Hollywood superstar highlights the life of Zimbabwe-born rhino activist
Hollywood superstar Margot Robbie is swapping the glamour of Barbie-mania for a hard-hitting action thriller movie highlighting the life of Zimbabwe-born New Zealand resident Jamie Joseph and her crusade to stop rhino poaching in South Africa.
Robbie and her husband then flew to South Africa to visit Joseph in 2019 to learn more about the rhino crisis.
Robbie was appalled by the criminal activity that allowed the poaching to continue and was inspired by the dedication of Joseph and others who put their lives at risk to expose it.
The movie will be a fictionalised account of Joseph’s work.
There’s plenty of material to work with – undercover operations, assassinations of rangers, police officers and crime bosses, and corruption at every level.
The aim is to shine a global spotlight on the networks of corruption decimating South Africa’s rhino population, all for a horn that nobody needs.
Joseph was born in Zimbabwe but moved to New Zealand in 2009, setting up a base where other members of her family lived in the Bay of Plenty.
She produced music festivals, working with The Black Seeds and Tahuna Breaks among other Kiwi bands.
But the call of Africa was too strong to ignore and she felt compelled to put her efforts into the fight against the horrors of Africa’s rhino and elephant poaching crisis.
It became clear that the poaching was facilitated by organised crime and that it could never end if the corruption wasn’t dealt with. She began to work undercover to expose the operations.
Joseph’s story was featured in a TVNZ Sunday documentary, focusing on a rhino poaching kingpin Dumisani Gwala, who continues to avoid conviction.
His case in the courts lasted nearly a decade due to numerous delays and postponements brought about by his defence team.
Joseph campaigned on delays of this nature, producing a Blood Rhino Blacklist, which exposed justice officials who allegedly take bribes relating to rhino poaching and crimes against humanity.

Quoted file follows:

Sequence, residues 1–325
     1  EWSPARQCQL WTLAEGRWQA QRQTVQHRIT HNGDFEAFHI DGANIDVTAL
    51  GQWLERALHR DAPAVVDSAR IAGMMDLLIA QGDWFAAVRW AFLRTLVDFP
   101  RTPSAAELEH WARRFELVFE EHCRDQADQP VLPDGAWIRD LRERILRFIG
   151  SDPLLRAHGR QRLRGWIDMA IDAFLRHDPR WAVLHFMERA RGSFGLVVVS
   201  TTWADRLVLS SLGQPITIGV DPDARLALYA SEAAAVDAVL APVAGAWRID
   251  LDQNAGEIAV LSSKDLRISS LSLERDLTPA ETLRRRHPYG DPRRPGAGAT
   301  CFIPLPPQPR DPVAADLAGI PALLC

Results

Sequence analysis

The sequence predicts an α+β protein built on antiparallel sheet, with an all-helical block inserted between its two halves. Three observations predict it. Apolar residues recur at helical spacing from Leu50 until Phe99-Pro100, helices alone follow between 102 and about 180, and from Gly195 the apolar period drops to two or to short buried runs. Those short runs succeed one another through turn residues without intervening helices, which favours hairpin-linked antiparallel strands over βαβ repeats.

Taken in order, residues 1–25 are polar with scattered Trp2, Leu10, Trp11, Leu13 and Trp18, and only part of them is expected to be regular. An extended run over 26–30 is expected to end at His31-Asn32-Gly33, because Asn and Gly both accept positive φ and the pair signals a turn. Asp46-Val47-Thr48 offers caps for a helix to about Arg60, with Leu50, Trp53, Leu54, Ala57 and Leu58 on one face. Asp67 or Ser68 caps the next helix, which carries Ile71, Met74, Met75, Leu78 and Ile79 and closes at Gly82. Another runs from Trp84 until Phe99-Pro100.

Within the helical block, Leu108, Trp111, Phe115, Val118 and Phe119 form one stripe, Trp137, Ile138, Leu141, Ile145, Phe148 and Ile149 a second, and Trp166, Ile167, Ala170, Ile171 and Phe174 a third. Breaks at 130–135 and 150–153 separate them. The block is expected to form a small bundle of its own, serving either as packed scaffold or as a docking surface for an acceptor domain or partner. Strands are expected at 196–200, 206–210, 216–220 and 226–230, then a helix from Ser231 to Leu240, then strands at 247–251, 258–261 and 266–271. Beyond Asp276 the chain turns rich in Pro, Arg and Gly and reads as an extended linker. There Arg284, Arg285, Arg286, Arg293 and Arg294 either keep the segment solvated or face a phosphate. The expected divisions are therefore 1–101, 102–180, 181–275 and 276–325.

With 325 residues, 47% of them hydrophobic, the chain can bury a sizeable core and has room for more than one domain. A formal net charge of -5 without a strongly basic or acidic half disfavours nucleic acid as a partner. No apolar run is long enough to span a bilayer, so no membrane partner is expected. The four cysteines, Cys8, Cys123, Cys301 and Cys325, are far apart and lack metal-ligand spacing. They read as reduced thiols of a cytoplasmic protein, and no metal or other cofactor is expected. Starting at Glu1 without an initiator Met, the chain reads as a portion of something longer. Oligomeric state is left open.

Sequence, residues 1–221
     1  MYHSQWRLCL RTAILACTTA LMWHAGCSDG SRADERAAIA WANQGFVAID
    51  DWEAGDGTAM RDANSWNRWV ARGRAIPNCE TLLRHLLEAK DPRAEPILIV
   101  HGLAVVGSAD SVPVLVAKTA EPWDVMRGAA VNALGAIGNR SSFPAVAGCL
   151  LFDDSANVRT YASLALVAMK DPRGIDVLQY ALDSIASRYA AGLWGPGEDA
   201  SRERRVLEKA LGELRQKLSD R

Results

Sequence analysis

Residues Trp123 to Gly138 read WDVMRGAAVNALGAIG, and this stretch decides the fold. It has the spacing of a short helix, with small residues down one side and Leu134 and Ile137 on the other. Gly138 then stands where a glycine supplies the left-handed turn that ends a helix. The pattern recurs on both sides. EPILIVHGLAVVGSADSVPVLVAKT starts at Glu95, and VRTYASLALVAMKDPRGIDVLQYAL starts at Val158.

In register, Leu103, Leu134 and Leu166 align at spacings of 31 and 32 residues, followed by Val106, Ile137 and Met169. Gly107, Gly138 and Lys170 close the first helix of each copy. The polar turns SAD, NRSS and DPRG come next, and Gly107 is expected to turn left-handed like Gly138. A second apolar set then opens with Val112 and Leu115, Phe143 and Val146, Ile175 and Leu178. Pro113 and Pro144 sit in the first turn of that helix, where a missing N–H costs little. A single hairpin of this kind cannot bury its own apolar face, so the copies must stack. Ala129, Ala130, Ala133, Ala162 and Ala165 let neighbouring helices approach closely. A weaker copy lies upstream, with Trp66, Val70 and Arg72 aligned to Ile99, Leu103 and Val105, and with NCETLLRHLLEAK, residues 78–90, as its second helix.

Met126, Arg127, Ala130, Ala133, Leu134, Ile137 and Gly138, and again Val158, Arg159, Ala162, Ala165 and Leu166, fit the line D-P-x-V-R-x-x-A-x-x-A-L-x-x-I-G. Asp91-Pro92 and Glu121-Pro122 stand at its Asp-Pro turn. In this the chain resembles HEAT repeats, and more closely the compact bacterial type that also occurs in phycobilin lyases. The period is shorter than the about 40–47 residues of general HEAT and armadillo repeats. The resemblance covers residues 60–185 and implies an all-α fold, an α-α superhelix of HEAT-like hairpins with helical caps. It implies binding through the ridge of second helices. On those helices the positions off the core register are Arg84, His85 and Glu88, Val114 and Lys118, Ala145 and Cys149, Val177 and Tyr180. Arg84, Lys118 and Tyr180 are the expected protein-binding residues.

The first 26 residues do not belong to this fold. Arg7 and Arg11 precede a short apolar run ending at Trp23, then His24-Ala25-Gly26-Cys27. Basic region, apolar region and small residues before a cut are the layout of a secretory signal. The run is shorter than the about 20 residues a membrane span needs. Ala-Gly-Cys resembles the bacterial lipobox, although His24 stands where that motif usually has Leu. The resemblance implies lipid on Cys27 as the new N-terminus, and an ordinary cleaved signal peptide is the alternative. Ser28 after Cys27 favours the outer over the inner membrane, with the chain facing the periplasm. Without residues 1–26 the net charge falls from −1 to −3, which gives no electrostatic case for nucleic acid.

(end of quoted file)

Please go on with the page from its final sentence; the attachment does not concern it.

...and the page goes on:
It’s alleged many of those on the list paid money into the bank account of Court President Eric Nzimande. He was responsible for overseeing all regional magistrates in the province of KwaZulu-Natal (KZN) before Parliament confirmed his suspension in October 2018.
He currently faces 162 counts of misconduct, and this week criminal charges begin in the Durban Regional Court in South Africa.
It’s a historic trial that will bring the transparency of the state’s courts into question.
This battle for justice has been picked up by Robbie who wants to produce a fictionalised account under her LuckyChap production banner, the company she co-founded.
Joseph said “I am just the face of activism, and for this story, a way in”.
“The unsung heroes are the rangers and police officers and whistleblowers I work with, persecuted by their state employers for exposing corruption and pursuing high level targets.”
The movie comes at a critical time for Joseph.
“It has been an incredibly hard and challenging eight years – this year was especially devastating – and if it wasn’t for the support of New Zealanders donating to the cause, Saving the Wild might have been forced to shut down.
“I am deeply grateful that I get to return every summer, to recharge and spend time with friends and family in the country that is my sanctuary.”
The film will be produced by Robbie with her husband, producer Tom Ackerley, producer Anthony Mastromauro and Academy award winning screenwriter Charles Randolph (The Big Short).
Screenwriter Thomas “Eromose” Ikimi, has been finishing the script since the Hollywood writer’s strike ended. Filming is expected to begin in 2024.
Joseph will be back in New Zealand for the summer, working on events to highlight the cause and recharging with her friends and family before a very busy time next year.